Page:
NEW YORK (Reuters Health) – In patients with chronic Chagas cardiomyopathy and severe heart failure, left ventricular ejection fraction (LVEF) isn’t improved after autologous bone marrow derived mononuclear cell (BMNC) transplantation, Brazilian researchers report.
In an April 20th online paper in Circulation, Dr. Antonio Carlos Campos de Carvalho of the National Cardiology Institute, Rio de Janeiro and colleagues note that the condition is treated as all other heart failure syndromes and therapy may include beta-blockers, diuretics, angiotensin-converting enzyme inhibitors and spironolactone.
When disease progresses, heart transplantation is one of the few options. However, cell transplantation is emerging as an adjunct to standard therapy and intracoronary injection of BMNCs has proved safe and feasible. There has also been an indication of improved heart function.
To investigate further, the researchers enrolled 234 patients aged 18 to 75 years, with LVEF of less than 35% despite optimal pharmacological therapy, and randomly assigned them to receive intracoronary injection of autologous BMNC or placebo. A total of 183 patients completed the study; most of the others were from centers that were excluded from the study for protocol violations.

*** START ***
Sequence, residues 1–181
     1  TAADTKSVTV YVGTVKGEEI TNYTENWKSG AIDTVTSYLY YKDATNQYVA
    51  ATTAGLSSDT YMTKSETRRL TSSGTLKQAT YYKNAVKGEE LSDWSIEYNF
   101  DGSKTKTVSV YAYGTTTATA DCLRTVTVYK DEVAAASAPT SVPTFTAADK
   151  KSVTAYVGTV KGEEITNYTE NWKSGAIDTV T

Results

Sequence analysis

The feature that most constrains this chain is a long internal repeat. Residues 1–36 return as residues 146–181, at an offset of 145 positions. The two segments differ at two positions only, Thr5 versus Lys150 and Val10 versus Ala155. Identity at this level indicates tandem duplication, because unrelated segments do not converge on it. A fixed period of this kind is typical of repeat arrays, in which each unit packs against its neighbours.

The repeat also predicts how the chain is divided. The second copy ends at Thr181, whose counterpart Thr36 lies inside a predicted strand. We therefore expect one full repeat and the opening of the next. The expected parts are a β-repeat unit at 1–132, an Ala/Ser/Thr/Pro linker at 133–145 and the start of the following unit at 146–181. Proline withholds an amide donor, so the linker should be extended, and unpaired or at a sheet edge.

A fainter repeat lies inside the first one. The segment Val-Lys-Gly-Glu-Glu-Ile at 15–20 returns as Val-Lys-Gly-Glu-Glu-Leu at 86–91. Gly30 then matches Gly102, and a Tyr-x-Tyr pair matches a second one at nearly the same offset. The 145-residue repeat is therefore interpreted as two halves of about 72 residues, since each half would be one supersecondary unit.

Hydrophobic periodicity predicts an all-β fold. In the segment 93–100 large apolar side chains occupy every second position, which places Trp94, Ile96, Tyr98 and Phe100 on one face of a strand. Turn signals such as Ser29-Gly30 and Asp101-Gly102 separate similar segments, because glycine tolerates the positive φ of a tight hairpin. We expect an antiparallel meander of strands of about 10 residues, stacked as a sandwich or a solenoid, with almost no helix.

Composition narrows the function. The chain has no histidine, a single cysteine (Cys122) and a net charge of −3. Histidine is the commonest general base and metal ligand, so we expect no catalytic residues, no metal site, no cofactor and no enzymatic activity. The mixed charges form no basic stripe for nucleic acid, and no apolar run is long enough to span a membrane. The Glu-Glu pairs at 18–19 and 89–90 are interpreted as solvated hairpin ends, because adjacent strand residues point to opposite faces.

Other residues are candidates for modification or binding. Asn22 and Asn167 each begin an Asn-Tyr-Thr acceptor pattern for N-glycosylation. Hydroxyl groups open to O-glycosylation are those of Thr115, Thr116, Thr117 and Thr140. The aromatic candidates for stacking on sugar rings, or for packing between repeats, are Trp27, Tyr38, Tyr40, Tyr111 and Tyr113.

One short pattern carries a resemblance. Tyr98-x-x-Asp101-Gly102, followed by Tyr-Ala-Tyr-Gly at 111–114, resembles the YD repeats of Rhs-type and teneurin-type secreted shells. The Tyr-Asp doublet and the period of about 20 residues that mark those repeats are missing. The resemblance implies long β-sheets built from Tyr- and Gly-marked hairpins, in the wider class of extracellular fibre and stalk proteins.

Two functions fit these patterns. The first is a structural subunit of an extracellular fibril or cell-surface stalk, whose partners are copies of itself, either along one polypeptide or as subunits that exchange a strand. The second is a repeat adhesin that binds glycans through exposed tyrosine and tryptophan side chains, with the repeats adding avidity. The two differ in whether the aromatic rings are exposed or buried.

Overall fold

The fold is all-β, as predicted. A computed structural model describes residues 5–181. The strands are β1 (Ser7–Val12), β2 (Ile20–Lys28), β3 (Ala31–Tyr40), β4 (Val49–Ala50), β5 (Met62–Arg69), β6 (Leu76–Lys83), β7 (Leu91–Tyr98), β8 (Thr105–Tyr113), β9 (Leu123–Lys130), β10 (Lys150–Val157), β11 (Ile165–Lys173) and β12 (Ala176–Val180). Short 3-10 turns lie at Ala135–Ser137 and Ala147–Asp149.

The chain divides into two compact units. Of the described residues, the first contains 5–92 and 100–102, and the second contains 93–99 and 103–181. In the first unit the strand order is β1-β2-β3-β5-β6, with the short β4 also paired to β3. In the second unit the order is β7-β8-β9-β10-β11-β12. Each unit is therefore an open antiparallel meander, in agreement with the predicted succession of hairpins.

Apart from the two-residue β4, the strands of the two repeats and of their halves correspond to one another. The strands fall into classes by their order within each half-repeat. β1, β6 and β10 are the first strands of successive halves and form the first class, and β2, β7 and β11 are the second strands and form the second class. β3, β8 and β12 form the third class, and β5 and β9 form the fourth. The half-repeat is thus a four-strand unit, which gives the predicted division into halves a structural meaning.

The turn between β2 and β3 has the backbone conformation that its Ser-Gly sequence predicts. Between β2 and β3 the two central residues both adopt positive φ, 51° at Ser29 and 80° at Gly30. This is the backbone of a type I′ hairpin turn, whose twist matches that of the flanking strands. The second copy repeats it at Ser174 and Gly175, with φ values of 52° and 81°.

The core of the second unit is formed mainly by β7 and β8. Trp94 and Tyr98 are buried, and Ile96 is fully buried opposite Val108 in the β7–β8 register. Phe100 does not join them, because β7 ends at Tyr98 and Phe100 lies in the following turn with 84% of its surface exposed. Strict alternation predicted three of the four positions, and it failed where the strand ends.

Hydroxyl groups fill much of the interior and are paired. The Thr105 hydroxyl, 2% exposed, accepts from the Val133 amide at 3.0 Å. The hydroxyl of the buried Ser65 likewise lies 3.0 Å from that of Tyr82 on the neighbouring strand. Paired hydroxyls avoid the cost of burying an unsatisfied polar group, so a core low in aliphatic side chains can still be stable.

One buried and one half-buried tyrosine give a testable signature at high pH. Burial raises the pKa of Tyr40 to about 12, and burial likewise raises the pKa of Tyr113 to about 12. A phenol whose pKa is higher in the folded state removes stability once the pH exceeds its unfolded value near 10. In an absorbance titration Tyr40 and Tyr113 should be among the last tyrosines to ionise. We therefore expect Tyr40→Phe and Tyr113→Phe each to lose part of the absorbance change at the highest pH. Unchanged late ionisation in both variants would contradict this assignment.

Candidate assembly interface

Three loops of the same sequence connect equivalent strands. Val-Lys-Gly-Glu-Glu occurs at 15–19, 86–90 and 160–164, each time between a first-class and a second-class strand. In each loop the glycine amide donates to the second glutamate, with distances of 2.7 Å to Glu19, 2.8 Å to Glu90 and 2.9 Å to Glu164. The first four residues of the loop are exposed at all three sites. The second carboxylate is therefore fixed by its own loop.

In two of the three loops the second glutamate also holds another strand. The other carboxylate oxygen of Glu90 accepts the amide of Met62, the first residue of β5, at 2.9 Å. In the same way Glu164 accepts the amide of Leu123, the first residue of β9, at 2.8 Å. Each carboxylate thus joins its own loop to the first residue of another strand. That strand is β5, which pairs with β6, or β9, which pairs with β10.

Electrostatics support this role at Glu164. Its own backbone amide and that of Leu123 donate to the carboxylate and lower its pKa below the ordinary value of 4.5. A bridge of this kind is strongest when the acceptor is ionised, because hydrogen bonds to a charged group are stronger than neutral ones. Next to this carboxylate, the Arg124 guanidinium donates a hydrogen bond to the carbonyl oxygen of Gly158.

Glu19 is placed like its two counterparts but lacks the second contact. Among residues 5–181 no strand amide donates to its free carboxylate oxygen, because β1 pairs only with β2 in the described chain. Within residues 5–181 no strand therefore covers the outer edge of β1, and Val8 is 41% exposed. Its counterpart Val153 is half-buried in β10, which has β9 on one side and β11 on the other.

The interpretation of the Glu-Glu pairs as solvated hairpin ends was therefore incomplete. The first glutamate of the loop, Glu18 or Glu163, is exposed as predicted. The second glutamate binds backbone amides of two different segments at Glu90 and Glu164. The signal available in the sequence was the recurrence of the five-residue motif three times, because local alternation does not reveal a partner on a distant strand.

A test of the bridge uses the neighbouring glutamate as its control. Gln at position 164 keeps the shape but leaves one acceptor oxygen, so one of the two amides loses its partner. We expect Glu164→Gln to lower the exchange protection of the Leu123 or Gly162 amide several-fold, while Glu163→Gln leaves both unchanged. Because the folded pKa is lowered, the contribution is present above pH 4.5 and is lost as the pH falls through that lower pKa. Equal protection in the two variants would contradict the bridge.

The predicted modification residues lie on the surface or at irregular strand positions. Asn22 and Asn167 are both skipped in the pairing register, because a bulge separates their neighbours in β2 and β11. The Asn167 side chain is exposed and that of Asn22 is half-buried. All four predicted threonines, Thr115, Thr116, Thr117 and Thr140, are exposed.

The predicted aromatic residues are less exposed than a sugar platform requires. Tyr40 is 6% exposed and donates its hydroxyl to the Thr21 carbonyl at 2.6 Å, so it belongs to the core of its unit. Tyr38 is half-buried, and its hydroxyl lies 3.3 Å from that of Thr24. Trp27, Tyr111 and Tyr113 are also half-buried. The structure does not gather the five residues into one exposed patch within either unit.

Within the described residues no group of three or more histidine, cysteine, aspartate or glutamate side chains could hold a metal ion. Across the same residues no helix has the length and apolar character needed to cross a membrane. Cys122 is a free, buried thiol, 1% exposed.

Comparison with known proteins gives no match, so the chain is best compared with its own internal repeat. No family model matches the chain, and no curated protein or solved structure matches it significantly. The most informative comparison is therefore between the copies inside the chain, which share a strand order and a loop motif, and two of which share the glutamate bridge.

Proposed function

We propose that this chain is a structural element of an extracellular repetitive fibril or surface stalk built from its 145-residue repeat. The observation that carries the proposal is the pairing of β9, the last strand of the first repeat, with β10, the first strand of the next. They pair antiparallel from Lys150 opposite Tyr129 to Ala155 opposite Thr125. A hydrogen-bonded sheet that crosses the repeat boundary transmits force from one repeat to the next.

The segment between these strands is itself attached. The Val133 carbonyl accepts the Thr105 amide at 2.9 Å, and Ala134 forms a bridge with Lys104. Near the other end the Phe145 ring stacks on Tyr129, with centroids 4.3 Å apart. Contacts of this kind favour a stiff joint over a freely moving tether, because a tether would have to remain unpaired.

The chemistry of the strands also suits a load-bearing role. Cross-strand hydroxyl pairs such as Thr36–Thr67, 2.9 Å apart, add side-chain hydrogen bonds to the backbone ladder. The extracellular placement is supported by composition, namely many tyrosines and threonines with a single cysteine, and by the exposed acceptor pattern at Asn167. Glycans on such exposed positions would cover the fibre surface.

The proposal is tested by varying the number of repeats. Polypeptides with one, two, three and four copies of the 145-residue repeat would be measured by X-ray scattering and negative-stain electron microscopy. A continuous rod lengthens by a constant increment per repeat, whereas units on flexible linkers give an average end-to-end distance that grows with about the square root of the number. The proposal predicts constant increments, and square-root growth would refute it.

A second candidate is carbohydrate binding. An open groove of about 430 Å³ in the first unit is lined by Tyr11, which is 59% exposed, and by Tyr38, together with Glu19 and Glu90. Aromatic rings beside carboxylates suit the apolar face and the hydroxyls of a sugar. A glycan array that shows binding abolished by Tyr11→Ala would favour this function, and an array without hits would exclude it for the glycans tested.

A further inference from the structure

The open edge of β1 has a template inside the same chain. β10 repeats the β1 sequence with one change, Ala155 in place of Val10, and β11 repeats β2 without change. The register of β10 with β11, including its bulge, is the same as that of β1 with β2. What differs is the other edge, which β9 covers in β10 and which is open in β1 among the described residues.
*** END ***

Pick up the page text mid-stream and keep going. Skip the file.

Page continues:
In the BMNC group, trimmed mean LVEF increased from 26.1% at baseline to 28.9% at six months and 29.6% at 12 months. Corresponding proportions in the placebo group, from 26.1% at baseline, to 29.8% at six months and 31.3% at 12 months, were not significantly different.
Although the trial was not powered to detect between-group differences in mortality, the outcome was also similar, with 17 (18.9%) deaths in the BMNC group and 18 (19.4%) in the placebo group.
Quality-of-life scores also showed no significant differences between groups. This was also true of other outcome measures.
The researchers stress that “this intractable disease leaves patients with end-stage heart failure with no treatment option other than heart transplantation.”
And Dr. Campos de Carvalho said, in an email to Reuters Health, that the failure of the current trial “does not mean that new cell types, delivery routes, and disease stages should not be pursued.”